Are Brainstorms Dead?

by Andy Eklund

In the past two months, I've received five articles and two blog posts heralding the death of brainstorms. Is it the economy which has caused this? Perhaps. I've had three brainstorms in the same time period cancelled. (One client told me her boss said: "We don't have money to implement new ideas at the moment." Well, good luck with those old ideas.)

Or, perhaps it's because four of the authors had a new book to spruik. (What a surprise.) Each of them had a new "buzzword" and methodology which rendered the philosophy of brainstorms obsolete. One of them even confessed - and I'm not kidding - that he'd invented his new buzzword during a brainstorm.

Personally, I think the reason is even more simple. We're all tired of attending badly managed, poorly organised and strategically inept meetings where nothing gets accomplished - meaning, no good ideas are generated.

Does this describe your brainstorms?

They're held in a featureless conference room, without beverage or food, toys or stimuli, flipchart paper and crayons, and very likely, oxygen. There is no direction, no purpose, no insights, no information, no agenda, and no facilitator. Or, there is a facilitator, and he/she talks solely about their own brilliant ideas. Everyone else is there merely to witness the Immaculate Conception.

The wrong people are invited. Or rather, the right people couldn’t or didn't attend, so the blobs who weren’t invited originally (probably for good reason) become the front-bench by default.
The brainstorm is scheduled for one precise hour, and darn it, people had better invent the perfect, new, unique, never-before-seen idea in that hour. Or else.

If this assessment is accurate, then I too hope brainstorms are dead. They don’t deserve this kind of treatment.

Sarcasm aside, brainstorms can and do work – but only if they're given a bit of care and consideration in advance. A good brainstorm should be like the perfect party: energized and fresh, full of excited people at an unusual location with good catering. (You do know these type of parties are organised by a party planner who works their bum off to make it look spontaneous, don't you?)

As with any meeting, a bit of ground work in advance is important if you want it to be successful. And, I'm not saying this because I might have a book to spruik, but if you've ever been to a successful brainstorm, you know a good facilitator is worth their weight in good ideas.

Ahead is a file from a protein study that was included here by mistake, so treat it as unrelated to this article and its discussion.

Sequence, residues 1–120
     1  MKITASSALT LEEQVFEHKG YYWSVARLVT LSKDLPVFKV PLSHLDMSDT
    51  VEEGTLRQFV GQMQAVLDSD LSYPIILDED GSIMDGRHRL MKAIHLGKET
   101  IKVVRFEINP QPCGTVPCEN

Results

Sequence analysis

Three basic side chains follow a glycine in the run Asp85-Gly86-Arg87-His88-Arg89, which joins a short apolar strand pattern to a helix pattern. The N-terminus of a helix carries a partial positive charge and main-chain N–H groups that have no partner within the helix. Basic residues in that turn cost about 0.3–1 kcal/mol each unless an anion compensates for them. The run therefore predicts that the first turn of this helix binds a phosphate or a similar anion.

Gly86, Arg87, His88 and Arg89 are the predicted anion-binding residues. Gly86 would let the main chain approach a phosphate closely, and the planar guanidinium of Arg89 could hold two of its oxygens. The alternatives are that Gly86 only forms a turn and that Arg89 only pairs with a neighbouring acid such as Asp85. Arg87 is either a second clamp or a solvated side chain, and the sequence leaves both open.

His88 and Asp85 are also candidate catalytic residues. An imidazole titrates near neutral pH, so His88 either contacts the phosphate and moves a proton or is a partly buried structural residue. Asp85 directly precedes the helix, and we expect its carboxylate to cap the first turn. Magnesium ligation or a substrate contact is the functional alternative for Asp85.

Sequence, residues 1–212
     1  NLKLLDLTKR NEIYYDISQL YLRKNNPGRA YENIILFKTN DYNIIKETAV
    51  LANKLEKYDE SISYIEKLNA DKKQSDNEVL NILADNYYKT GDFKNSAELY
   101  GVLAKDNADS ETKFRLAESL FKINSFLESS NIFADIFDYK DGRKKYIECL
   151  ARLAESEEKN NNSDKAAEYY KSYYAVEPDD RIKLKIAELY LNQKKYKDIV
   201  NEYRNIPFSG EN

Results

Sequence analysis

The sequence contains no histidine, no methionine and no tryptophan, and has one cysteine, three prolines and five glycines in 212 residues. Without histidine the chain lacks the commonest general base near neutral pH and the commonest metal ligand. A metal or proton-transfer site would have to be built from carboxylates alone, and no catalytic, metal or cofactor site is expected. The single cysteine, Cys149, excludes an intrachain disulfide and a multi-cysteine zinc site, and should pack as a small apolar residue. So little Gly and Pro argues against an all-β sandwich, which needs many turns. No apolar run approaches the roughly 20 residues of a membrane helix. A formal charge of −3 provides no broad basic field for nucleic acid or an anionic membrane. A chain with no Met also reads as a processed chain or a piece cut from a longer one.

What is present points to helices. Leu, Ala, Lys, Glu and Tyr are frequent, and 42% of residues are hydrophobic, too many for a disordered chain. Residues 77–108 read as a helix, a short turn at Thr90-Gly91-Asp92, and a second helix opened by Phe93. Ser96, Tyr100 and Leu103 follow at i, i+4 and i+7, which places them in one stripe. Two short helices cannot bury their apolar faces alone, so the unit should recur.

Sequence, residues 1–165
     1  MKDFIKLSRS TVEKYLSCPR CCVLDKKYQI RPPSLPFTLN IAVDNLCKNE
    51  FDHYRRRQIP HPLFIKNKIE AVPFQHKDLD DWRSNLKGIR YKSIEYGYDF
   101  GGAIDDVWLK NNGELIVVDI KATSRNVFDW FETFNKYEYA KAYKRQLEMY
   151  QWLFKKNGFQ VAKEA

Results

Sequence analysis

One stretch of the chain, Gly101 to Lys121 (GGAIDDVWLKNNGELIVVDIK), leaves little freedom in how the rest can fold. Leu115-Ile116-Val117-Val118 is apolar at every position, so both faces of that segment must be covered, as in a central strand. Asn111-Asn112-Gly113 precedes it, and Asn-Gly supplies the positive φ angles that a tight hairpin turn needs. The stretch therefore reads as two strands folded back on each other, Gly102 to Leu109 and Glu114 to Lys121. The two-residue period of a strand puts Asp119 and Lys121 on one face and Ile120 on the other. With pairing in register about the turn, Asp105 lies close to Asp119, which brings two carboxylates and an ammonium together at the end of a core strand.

Curious what it takes? Write me. I'll give you a bit of free advice.

At the same time, there are a number of principles that can be taught to teams to improve their creativity, as well as the quality of the brainstorms. I know I'm going to get e-mails from Important People telling me that creativity cannot be taught, so let's clear the air.

No, you cannot teach people to have eminent creativity - a divine talent bestowed on very few of us, like Leonardo da Vinci, Wolfgang Mozart, Albert Einstein or James Joyce. Yes, you can teach people to increase their everyday creativity.

Among these many daily principles, here's one of the easiest and fastest to put into action: know how and when your brain works most effectively, and leverage that information to be creative.

Most people say ideas come to them when they're doing something else, entirely unrelated to the problem where they need an idea, such as taking a shower, riding public transportation, exercising, and - yes, it's true - sitting on the toilet. The brain also tends to get charged with ideas when it's bombarded with stimulation: working on a project on a different topic, engaging in a lively discussion with someone else, or one or more of the five senses are piqued at the same time, such as experiencing a movie, artwork, music or sport. In either case, your brain is making connections between the current problem and the other disparate information floating around in your head, and these connections become potential ideas.

So, how do you leverage this everyday?

  • Know where and when are you most creative. Where do ideas come to you most easily? What time of day is your brain most active? What inspires you, or relaxes you, so you can think most prolifically? You can use these places, times of day, and sources of inspiration to stimulate your creativity - but only if you know what they are.

  • Learn to be sensitive to what your brain is thinking about when it's doing "something else." Can you apply any of these unrelated thoughts or visceral emotions to the "other" problem as a potential solution?

  • Have pen and paper with you to remember your ideas. You'll no doubt think this is weird, but I have pen and paper in, on or by ... my wallet, briefcase, gym bag, night-stand, all three of my computers, car, kitchen bench-top, television … and yes, even by the toilet.

  • Invite someone else - again, unrelated to your topic - to help you brainstorm. A different perspective can yield great insights. Ask a child to solve your problem is a common answer, but virtually anyone can be a potential partner in brainstorming potential ideas.

  • Seek out activities that deliberately put you into different situations or environments. In fact, when you need an idea, get up off your duff and go for a walk - preferably outside. You'll see and experience something else which might have the potential to connect with your original problem to create a new idea.

  • The last point is the simplest: when you need to brainstorm, stand up. Surely you've noticed that your brain is always more attentive and useful when you're not sitting down, at rest?

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